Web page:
Monday, April 27, 2009

I'm now cybersocial

I joined Facebook. After years of thinking such things were too frivolous for me, one random thought about an old friend got me wondering who I might find if I joined.

After less than 24 hours I had reconnected with half a dozen people I hadn't heard from in years. After 48 hours that number had more than doubled. I've had a nice e-mail exchange with my high school prom date.

A few months earlier I somewhat reluctantly joined LinkedIn, the businesslike version of Facebook, and found it potentially useful, but pretty dull. Facebook is just plain FUN!

Stuff like this was unheard of in the 20th Century. I'm glad I finally made it to the 21st.

Thursday, April 23, 2009

Uncivilized Comments

Does anyone in cyberspace want to have a civilized discussion anymore? There was an article in the Herald of April 17th about some Monterey and Salinas area McDonald's employees suing their employer for allegedly demanding they work off the clock if they wanted to keep their jobs. Other alleged offenses were changing employee time records and requiring employees to use their vehicles on company business without mileage compensation.

The article mentioned that many McDonald's employees are immigrants who don't know the law all that well and are thus easily intimidated by their employers. That is not at all far-fetched. Heck, I've seen situations where all-American white skinned people with college degrees feel intimidated enough to work off the clock because "company policy does not permit overtime" even though there's more work to do. It does happen.

Several of the reader comments on the Herald's "Topix" forum were nothing short of racist, and others stated that the employees must be stupid. One person wrote:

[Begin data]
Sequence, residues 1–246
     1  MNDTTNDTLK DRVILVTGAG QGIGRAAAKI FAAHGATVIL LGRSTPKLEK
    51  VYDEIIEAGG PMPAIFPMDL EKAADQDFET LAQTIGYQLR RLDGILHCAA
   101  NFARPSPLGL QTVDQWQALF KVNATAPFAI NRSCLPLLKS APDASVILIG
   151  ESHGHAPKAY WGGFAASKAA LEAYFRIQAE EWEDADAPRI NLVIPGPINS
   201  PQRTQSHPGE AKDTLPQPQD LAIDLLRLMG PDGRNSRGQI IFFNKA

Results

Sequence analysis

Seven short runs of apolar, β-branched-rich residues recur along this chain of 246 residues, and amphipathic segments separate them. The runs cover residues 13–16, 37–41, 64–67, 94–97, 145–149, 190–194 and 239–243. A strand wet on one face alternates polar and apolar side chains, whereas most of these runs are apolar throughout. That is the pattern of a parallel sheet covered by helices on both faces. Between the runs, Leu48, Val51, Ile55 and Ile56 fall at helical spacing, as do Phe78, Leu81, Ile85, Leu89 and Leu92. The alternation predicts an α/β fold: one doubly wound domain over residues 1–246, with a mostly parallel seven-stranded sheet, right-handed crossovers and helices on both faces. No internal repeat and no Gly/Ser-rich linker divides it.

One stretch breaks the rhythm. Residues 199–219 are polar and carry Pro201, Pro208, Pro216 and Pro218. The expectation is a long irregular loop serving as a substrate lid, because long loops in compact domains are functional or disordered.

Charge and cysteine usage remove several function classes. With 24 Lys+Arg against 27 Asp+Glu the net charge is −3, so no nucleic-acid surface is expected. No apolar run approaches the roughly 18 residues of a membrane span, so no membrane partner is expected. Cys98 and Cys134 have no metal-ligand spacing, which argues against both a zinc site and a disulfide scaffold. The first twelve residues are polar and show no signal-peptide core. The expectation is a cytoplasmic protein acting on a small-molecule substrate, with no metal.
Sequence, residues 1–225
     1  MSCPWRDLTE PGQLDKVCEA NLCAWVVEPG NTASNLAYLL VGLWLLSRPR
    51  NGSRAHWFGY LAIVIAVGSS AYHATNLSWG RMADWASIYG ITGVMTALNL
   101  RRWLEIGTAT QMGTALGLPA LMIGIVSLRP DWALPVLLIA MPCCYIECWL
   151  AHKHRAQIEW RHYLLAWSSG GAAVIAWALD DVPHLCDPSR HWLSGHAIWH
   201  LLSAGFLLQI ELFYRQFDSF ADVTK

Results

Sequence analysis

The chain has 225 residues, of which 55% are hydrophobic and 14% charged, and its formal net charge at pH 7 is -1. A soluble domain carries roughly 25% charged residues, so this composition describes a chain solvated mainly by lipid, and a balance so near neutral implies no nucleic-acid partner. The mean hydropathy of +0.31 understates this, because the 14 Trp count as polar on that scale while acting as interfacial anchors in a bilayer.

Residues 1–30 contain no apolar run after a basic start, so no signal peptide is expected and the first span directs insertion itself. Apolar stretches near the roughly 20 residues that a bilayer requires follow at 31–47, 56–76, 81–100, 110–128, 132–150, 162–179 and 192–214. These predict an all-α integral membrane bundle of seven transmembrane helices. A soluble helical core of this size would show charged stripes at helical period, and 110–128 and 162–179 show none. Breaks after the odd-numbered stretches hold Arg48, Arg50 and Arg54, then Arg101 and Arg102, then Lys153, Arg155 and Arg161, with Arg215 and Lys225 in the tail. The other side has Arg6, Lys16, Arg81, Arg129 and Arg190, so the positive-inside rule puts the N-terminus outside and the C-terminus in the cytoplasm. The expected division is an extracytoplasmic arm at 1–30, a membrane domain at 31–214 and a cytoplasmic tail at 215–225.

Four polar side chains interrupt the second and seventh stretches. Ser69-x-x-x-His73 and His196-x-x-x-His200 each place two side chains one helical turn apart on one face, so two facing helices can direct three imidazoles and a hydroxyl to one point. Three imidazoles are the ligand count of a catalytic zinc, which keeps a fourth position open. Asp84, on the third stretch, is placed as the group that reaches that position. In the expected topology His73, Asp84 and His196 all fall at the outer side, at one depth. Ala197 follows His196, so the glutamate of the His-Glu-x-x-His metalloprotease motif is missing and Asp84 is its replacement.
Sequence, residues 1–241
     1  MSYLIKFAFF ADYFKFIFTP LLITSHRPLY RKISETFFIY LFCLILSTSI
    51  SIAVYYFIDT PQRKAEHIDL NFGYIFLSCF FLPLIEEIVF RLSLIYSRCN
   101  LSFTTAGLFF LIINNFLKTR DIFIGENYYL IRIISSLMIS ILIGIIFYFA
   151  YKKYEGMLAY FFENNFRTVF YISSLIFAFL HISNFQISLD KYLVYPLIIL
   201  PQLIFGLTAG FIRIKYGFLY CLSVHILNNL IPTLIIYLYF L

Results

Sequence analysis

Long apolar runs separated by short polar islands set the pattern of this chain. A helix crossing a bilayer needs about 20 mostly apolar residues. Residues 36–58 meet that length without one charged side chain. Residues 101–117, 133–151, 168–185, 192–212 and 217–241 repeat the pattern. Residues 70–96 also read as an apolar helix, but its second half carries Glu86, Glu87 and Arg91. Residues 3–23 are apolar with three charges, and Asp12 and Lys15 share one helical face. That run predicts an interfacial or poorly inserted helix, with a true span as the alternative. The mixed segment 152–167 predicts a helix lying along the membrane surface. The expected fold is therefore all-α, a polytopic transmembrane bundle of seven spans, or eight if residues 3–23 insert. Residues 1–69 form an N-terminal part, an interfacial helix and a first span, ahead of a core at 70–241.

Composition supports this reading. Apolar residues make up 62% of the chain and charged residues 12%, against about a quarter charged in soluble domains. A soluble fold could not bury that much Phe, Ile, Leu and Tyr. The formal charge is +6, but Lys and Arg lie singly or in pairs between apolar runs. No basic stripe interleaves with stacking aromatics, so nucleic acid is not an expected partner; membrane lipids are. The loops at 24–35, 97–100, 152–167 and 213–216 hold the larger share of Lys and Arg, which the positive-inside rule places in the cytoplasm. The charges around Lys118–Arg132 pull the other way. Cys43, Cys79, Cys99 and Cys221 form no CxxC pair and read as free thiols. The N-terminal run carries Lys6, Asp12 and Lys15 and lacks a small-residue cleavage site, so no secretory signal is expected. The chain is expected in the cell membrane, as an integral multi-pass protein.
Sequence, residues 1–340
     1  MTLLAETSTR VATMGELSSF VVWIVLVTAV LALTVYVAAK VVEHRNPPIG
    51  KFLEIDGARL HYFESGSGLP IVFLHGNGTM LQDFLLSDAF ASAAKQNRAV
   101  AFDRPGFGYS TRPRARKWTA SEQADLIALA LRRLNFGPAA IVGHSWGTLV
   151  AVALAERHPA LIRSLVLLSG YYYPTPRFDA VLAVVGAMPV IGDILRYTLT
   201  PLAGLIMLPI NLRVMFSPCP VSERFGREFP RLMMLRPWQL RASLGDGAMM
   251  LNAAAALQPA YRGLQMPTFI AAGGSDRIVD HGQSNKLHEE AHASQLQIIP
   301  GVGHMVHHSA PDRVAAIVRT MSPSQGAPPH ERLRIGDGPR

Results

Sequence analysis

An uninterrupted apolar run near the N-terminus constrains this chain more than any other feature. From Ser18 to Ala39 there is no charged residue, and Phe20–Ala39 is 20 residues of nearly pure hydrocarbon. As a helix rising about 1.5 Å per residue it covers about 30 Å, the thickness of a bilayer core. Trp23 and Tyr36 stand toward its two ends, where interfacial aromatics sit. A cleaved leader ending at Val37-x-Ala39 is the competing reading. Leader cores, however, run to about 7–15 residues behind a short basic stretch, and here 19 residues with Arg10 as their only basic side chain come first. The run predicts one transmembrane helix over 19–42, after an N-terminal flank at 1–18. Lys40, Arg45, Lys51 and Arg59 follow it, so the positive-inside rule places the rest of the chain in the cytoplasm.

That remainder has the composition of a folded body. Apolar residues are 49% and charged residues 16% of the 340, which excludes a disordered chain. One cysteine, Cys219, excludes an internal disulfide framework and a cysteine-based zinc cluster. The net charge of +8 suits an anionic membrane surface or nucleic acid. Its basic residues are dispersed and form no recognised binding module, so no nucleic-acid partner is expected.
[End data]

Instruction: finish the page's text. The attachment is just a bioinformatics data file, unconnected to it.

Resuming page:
"Just another ambulance chaser at work. And, the victims....well, they were fortunate to have any job at all. After this lawsuit, any employer would be afraid to hire time.....potential problems."
Yesterday I posted something more thoughtful:
"Businesses hereabouts often do intimidate employees to work off the clock, usually by a manager indicating that overtime is not allowed under company policy but still insisting that work be completed before anyone is allowed to leave. It's more common than you might think.

"According to the article, "The suit says workers were forced to work "off the clock" and had work hours shaved from their time records. It contends that workers were given inadequate time for rest and meals and were not reimbursed for using their cars to deliver supplies between restaurants."

"All of those things are illegal, but apparently that doesn't seem to concern many of you. Instead you assume the workers are illegal just because they're immigrants. I worked with legal immigrants in a local hotel for 12 years, and they were the hardest working and the most conscientious people I've ever worked with. The McDonald's employees have a every right to their day in court."
I checked that forum today and found my comment labeled with two Judge It icons, one for clueless and the other for disagree. Apparently civilized discussion isn't valued anymore.

I've been trying to establish a civilized forum for discussion of local topics. According to my web statistics, there have been numerous visitors, but almost nobody has signed up to participate. I'm beginning to think that civilized debate has gone the way of the dodo, in every sense of the word. Sigh.

Help me build a civilized discussion forum for the Monterey Peninsula at forum.montereypeninsula.info.


Mr. Toy Recommends

Here's a video about my favorite news publication. I grew up with the Christian Science Monitor, and I recommend it to everyone because of its unbiased, solution-oriented approach to reporting. It doesn't just tell you what's going on, it helps you understand why. It's entirely free on the web, and you can subscribe to their portable weekly magazine.



<a href="http://www.linkedtube.com/OtKZHB8zp7Id97dc495cf485ec12c0f839eb4e1a4cd.htm">LinkedTube</a>

Thursday, April 16, 2009

Magic disappearing act

I've never understood why radio stations change their formats with no advance notice. One popular station, KIDD, better known as Magic 63, did just that last week, unleashing a flurry of fury from upset listeners.